New data from the U.S. Census Bureau on Thursday painted a bleak picture of Kentucky's economic health.
Household income is down. Poverty is up. Low-paying jobs are replacing higher-paying jobs. Use of food stamps and publicly funded health care is up.
Median household income fell in Kentucky in 2010 from the previous year by $778 and the share of the state's households that earn annual incomes between $10,000 and $25,000 is increasing, according to the data.
"The recession technically ended a long time ago, but employment has not recovered. As a result we are seeing people's income decline," said Jason Bailey, director of the Kentucky Center for Economic Policy.
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The middle class is shrinking in Kentucky and a greater share of people are low-income, Bailey said.
In Kentucky, 22.1 percent of households made between $10,000 and $25,000 a year in 2010, compared with 20.7 percent in 2009. Nationally, 17.3 percent of households made that amount in 2010.
Kentucky's median household income — half of all households have more income and half have less — declined from $40,840 in 2009 to $40,062 in 2010.
Kentucky had a 19 percent poverty rate in 2010, compared with 18.6 percent in 2009. Nationally, the poverty rate in 2010 was 15.3, compared with 14.3 in 2009.
Also, one in four children in Kentucky are now living in poverty, defined as a family of four with a household income below $22,050 a year, according to the data. Child poverty in Kentucky increased to 26.3 percent in 2010 from 20.8 percent in 2000, bringing the total number of children living in poverty to 262,760.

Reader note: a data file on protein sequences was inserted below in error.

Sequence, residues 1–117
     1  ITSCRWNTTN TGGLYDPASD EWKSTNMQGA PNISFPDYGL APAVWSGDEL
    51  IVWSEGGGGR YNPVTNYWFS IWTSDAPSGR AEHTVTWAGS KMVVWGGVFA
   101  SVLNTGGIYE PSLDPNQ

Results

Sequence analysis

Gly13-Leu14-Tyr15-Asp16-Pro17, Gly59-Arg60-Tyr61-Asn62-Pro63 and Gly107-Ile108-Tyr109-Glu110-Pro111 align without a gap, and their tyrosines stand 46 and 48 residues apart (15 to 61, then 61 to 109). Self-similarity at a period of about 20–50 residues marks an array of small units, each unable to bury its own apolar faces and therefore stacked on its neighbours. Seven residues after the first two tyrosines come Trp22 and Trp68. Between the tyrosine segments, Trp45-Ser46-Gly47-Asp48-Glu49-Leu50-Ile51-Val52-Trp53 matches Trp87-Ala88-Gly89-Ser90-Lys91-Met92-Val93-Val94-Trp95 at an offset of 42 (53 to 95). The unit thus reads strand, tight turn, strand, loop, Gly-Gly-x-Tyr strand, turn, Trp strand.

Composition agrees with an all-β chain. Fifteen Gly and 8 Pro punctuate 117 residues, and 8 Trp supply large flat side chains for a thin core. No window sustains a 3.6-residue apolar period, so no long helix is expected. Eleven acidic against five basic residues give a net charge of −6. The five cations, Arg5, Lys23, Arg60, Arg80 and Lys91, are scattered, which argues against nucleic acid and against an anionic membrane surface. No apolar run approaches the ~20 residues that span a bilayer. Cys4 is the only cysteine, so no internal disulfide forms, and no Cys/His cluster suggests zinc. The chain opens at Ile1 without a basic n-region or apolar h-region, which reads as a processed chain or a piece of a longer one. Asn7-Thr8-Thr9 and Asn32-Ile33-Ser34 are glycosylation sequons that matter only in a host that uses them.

In Fayette County, the percent of children living in poverty increased to 26.5 percent in 2010 from 14.7 percent in 2000.
"My fear is that we as a state will accept these numbers as 'Kentucky being Kentucky,'" said Terry Brooks, executive director of Kentucky Youth Advocates. "That will not suffice as a response for children and families today nor will it suffice as a way to think about the future."
Bailey said the data also show that the share of people in Kentucky who work in construction and manufacturing has declined since 2007. Those two industries are traditional sources of middle-class incomes. A larger share of people now work in retail trade, which pays less.
In addition, 16.6 percent of Kentuckians in 2010 received Supplemental Nutritional Assistance Program (SNAP) benefits, up from 15.1 percent in 2009. Nearly one-third of Kentuckians received health insurance through a public source, increasing to 32.6 from 31.8 percent in the previous year.
The data come from the Census Bureau's American Community Survey (ACS) one-year estimates for 2010.